Zeer Pots, Wave Of The Past
So. In addition to being obsessed with how things work in the kitchen, I also like to figure out how tangible things work outside of it. For example, one time I thought it would be fun to try to adjust the brakes on my 1976 VW bug, since they needed a tuning anyways.. which led me to my next two realizations that I am both deeply afraid of cars slipping off of jack stands and that it is possible to drive a car using your emergency brake to stop in order to get to the closest mechanic.
Anyways, you’re clearly thinking that this has nothing to do with cooking, right? Hang tight, I’m getting to it.
As I was writing, I like to figure out how stuff works, and because of the way that my day is structured I often times have a whole ten, twelve minutes at a stretch to sate my curiosity about whatever it is that I’m interested at that moment. Why, just the other day I was busy reading Lifehacker, trolling for new things to be interested in when I came across this gem. Enter the zeer pot, a nonelectric refrigeration system, wave of the past.
I wondered how could something that essentially is no more than two pots and some wet sand keep anything cool, really. Or, perhaps more accurately, I wondered how anything could be kept cooler more efficiently than being stuck IN the wet sand. Naturally, I found my next thing to occupy a good ten minutes of my life, research wise.
Zeer pots, which have been used since the dawn of recorded time, work simply on the concept of evaporative cooling. Evaporative cooling has been used in a variety of formats dating back to the Old Kingdom of Ancient Egypt for both refrigeration purposes as well as air conditioning purposes. Ancient Persians are credited for inventing the first swamp cooler (called a windcatcher), Egyptians used zeer pots to keep their perishables from spoiling, even early American aircrafts used evaporative coolers in some of their engines Evaporative coolers are simple to make, effective and efficient, which makes them perfect for situations where energy expenditure may be a luxury.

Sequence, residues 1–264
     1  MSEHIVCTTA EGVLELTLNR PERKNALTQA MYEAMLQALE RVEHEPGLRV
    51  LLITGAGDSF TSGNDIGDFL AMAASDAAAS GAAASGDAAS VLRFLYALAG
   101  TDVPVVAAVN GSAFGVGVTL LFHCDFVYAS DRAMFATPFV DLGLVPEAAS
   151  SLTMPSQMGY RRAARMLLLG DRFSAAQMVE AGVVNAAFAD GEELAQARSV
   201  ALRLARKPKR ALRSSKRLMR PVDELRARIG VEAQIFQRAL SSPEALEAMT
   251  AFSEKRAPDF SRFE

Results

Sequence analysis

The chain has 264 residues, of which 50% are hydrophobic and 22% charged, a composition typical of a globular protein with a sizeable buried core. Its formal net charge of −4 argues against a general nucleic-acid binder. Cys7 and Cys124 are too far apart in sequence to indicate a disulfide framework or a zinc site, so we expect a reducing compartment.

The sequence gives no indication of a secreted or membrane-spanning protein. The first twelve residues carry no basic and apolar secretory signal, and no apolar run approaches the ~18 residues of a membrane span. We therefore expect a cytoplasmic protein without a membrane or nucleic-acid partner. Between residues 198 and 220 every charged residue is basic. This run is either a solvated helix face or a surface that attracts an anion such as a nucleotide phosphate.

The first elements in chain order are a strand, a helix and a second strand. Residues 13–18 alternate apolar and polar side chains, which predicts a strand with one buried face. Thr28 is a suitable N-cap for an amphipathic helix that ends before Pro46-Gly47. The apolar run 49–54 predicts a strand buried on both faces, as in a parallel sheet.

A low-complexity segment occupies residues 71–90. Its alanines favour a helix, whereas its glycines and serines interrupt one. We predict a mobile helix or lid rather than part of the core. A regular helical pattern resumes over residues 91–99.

The way evaporative cooling works is simple. In the case of a zeer pot, a larger porous vessel is partially filled with wet sand. Next, a smaller pot (which does not need to be porous) is nestled in the center of the larger vessel and more wet sand is added to the space between the larger and smaller vessels. To get the water to evaporate, latent heat is drawn from the surrounding air, which produces a cooling effect near the sand (such as in that small pot).
These simple refrigerators are still used in some parts of the world, especially in developing countries where electricity is sporadic and food borne illness may be higher. Although they aren’t the miracle answer to refrigeration, the zeer pot can increase the shelf life of perishables for two or three times of that if it were sitting on a countertop somewhere.
It goes without saying that when using a zeer pot that you won’t keep a brick of peas frozen to subzero hardness or that your ice cream won’t melt, but they can be pretty useful for things like keeping fruit and vegetables chilly while out in nature somewhere. It’s also a neat little science geek trick to whip out at your next barbecue, impressing the ladies with your homemade environmentally friendly cooler.
Now, onto figuring out how to install a nitrous system onto my hooptie…